Yearbooks offer a kind of 'annual newspaper' of world events
Wayne Wille runs something of an annual newspaper. Important world events happen unexpectedly. They drag on from one year to the next. And for Mr. Wille, who is executive editor of the World Book Year Book, they sometimes hit the news pages at very inconvenient times.
''Decembers are pure frenzy,'' Wille recalls. It was the month that the Soviets chose to invade Afghanistan (in 1979), that John Lennon was shot (1980), and that President Nixon signed a far-reaching tax bill (1971).
Such are the trials of America's instant historians.
Every year, World Book and a handful of other companies publish chronicles of the times. They do it on merciless deadlines, and without the benefit of hindsight. Yet yearbooks inspire great loyalty among the staff.
By the end of the year, Sara Dreyfuss, associate editor with the Chicago-based World Book, is putting in 13-hour days on weekdays. On weekends, she works in the office with her coat because the heat is usually shut off. And by the time the 608-page book goes to press, she has read it cover-to-cover six times.
''We get sick of it,'' she admits.
Dan Perkes, an assistant general manager at Associated Press in New York, has fond memories of the yearbook his firm published until 1978. ''We were producing that book as a labor of love,'' he says. But AP was also losing money on it. In the last year alone, it lost about $80,000 on the book.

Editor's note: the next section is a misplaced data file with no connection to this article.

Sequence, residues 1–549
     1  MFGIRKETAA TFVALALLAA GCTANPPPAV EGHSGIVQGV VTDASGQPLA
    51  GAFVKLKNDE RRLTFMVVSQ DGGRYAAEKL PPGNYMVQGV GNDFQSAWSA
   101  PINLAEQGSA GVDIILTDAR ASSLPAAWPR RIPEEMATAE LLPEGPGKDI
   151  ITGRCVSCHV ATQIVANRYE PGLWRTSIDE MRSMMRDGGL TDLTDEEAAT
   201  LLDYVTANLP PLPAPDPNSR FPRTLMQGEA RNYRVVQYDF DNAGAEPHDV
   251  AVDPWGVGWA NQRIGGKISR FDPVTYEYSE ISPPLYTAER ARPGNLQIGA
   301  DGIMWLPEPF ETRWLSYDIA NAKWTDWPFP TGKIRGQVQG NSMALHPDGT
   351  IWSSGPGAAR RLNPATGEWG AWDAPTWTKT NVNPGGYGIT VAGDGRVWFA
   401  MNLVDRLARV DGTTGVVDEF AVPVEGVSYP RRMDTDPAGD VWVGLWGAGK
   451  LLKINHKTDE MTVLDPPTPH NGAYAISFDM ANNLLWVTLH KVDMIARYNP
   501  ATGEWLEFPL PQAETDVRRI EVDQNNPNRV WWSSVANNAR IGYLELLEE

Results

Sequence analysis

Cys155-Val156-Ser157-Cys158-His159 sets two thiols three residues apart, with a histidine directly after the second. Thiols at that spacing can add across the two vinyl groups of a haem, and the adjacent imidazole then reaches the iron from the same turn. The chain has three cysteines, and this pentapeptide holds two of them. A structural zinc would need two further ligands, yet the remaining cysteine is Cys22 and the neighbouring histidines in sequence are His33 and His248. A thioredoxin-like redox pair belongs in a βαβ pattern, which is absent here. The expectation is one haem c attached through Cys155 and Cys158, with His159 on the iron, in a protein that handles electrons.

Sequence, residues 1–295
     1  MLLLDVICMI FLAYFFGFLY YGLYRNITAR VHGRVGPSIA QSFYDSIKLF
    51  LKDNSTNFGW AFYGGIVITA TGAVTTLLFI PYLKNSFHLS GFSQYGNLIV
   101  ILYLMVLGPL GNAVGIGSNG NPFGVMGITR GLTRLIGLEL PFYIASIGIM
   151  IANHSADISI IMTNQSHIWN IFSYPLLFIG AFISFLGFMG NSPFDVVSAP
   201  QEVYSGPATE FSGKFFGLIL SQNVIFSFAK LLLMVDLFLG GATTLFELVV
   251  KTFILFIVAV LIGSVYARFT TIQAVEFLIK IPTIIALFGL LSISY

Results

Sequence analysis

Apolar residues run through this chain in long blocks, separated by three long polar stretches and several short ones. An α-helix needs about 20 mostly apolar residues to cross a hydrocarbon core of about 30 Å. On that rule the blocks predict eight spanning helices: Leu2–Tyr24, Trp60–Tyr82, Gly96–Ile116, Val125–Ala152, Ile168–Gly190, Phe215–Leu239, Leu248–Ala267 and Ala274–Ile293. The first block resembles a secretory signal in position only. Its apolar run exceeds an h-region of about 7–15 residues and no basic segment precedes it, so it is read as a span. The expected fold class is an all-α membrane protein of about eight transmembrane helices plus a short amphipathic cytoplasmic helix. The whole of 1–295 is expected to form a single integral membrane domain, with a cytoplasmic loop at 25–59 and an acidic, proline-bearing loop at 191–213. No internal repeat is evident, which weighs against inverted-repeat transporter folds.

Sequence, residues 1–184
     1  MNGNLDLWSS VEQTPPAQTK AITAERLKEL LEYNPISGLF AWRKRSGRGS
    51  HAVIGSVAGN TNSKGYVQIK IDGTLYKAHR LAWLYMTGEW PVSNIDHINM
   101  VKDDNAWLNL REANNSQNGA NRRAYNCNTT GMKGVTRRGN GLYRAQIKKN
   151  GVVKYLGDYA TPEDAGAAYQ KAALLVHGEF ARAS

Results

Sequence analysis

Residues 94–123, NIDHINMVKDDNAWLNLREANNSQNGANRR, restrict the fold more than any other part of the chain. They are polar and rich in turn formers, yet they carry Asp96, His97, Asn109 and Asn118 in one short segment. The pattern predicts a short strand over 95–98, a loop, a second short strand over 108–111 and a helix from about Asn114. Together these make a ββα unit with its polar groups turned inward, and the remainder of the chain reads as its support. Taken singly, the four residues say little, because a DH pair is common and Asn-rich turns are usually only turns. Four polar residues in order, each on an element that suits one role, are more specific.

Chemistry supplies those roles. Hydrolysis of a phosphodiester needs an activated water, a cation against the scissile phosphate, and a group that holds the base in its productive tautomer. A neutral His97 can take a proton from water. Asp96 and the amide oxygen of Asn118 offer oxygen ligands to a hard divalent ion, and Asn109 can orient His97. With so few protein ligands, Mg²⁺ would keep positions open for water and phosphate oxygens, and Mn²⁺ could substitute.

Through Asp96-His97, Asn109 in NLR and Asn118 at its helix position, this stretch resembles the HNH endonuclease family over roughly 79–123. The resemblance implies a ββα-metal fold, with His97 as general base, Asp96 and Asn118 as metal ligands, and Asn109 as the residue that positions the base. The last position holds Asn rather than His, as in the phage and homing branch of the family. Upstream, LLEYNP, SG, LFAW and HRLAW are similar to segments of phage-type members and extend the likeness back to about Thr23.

AP is not alone. Time-Life and other companies used to put out their own yearbooks, he says. But ''outside of encyclopedia companies, it's been very unprofitable for various publishers.''
Encyclopedia yearbooks tend to be more profitable because they have a built-in circulation. And they attract a devoted following among readers.
For example, World Book sells some 2 million copies each year, almost all of them to people who have bought the encyclopedia and want to keep it up to date. The firm also puts out Science Year, Medical Update, and a desk diary.
And these kinds of offshoots are very profitable, Wille says.
They are a boon to the otherwise flat sales that the encyclopedia industry has experienced in recent years. Unit sales have hovered around 1 million annually for the last five years, according to estimates by the Association of American Publishers, down from the early '70s. In 1972, for example, unit sales were estimated at 1.4 million.
How well have these chronicles covered the big stories over the years?
''We don't miss the big things,'' Wille says. ''We started early on doing things on the environment. . . . Margaret Mead wrote an article (for the Year Book) on the new American woman long before feminism was a word anyone knew anything about.''
And the big events this year?
There are the obvious stories, he says: the downing of the South Korean airliner, the United States entry into Lebanon, and the gearing up of the presidential race. Then there are the signs of the times: more coverage on education and health and fitness. And for the first time the editors have decided to make ''computers'' a separate entry instead of listing it under ''electronics.''
''The world,'' Wille says, ''is a lot more predictable than you think.''